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gcse science C4 - G

specific for ocr gateway additonal science B.

QuestionAnswer
what are the three forms of carbon? -diamond -graphite -buckiminster fullerine
what is the name given to different forms of the same element? allotrope
what is diamond used for and why? - cutting tools as its very hard -jewellery as its very lustrous
what is the bonding of diamond like? -each carbon atom has 4 strong covalent bonds to other carbon atoms -it has a tetrahedral shape -has a giant covalent structure
why does diamond have a high melting point? lots of strong covalent bonds which need to be broken
why doesn't diamond conduct electricity? has no free electrons
why is diamond hard? -has lots of strong covalent bonds -is in a strong covalent structure
what is graphite used for and why? -pencil leads as its slippery -lubricants as its slippery -electrode as it conducts electricity and has a high melting point
what is the bonding in graphite like? -each carbon atom is bonded to 3 carbon atoms by covalent bonding -it has a delocalised electron inbetween the layers -weak intermolecular forces
why does graphite conduct electricity? the delocalised electron is able to move and pick up a current
why is graphite slippery? has weak intermolecular forces between the layers, which allows them to slide easily over each other
why does graphite have a high melting point? there are many strong covalent bonds to break
what is the shape of buckminster fullerine like? hollow ball of carbon atoms
what name is given to hollow balls of carbon atoms? nanotubes
what are nanotubes used for and why? -semiconductors in electrical circuits -industrial catalysts, large surface area so more chance of reactants colliding with catalyst -reinforce graphite in tennis rackets -cages to trap or transport other molecules, as they have large surface areas
what does nanoscale mean? dealing with individual particles
what is the difference between nano properties and bulk properties? -nano properties act differently in a tiny amount -bulk properties are the normal properties of large amounts of material
what is the name given to different forms of the same element?
what is diamond used for and why? - cutting tools as its very hard -jewellery as its very lustrous
what is the bonding of diamond like? -each carbon atom has 4 strong covalent bonds to other carbon atoms -it has a tetrahedral shape -has a giant covalent structure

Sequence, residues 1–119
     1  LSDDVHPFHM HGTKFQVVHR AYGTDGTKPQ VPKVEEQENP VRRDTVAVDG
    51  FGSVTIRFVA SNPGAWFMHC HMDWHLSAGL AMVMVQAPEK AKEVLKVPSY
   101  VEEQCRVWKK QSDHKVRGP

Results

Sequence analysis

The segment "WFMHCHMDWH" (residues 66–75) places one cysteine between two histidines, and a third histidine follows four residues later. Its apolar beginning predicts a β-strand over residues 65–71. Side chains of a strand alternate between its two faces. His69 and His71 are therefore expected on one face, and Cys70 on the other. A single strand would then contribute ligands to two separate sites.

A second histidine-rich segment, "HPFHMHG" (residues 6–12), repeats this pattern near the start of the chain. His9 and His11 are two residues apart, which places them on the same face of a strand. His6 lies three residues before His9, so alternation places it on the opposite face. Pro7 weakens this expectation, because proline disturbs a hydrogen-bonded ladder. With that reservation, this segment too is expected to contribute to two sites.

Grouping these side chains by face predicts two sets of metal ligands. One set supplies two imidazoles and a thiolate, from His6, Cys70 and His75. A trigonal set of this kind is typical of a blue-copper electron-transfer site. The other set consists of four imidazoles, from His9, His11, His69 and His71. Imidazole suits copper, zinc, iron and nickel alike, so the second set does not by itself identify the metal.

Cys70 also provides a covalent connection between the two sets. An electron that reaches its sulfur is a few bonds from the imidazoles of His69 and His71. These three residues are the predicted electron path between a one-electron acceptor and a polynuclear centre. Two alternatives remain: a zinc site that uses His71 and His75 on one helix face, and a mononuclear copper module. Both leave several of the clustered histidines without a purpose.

why is diamond hard? -has lots of strong covalent bonds -is in a strong covalent structure
-pencil leads as its slippery -lubricants as its slippery -electrode as it conducts electricity and has a high melting point
what is the bonding in graphite like? -each carbon atom is bonded to 3 carbon atoms by covalent bonding -it has a delocalised electron inbetween the layers -weak intermolecular forces
the delocalised electron is able to move and pick up a current
why is graphite slippery? has weak intermolecular forces between the layers, which allows them to slide easily over each other
why does graphite have a high melting point? there are many strong covalent bonds to break
what name is given to hollow balls of carbon atoms? nanotubes
-semiconductors in electrical circuits -industrial catalysts, large surface area so more chance of reactants colliding with catalyst -reinforce graphite in tennis rackets -cages to trap or transport other molecules, as they have large surface areas
what does nanoscale mean?
what is the difference between nano properties and bulk properties? -nano properties act differently in a tiny amount -bulk properties are the normal properties of large amounts of material
what are the three forms of carbon? -diamond -graphite -buckiminster fullerine
what is the name given to different forms of the same element? allotrope
what is diamond used for and why? - cutting tools as its very hard -jewellery as its very lustrous
what is the bonding of diamond like? -each carbon atom has 4 strong covalent bonds to other carbon atoms -it has a tetrahedral shape -has a giant covalent structure
why does diamond have a high melting point? lots of strong covalent bonds which need to be broken
why doesn't diamond conduct electricity? has no free electrons
why is diamond hard?
what is graphite used for and why? -pencil leads as its slippery -lubricants as its slippery -electrode as it conducts electricity and has a high melting point
what is the bonding in graphite like?
the delocalised electron is able to move and pick up a current
why is graphite slippery? has weak intermolecular forces between the layers, which allows them to slide easily over each other
why does graphite have a high melting point?
hollow ball of carbon atoms
nanotubes
what are nanotubes used for and why? -semiconductors in electrical circuits -industrial catalysts, large surface area so more chance of reactants colliding with catalyst -reinforce graphite in tennis rackets -cages to trap or transport other molecules, as they have large surface areas
what does nanoscale mean? dealing with individual particles
Created by: jirwin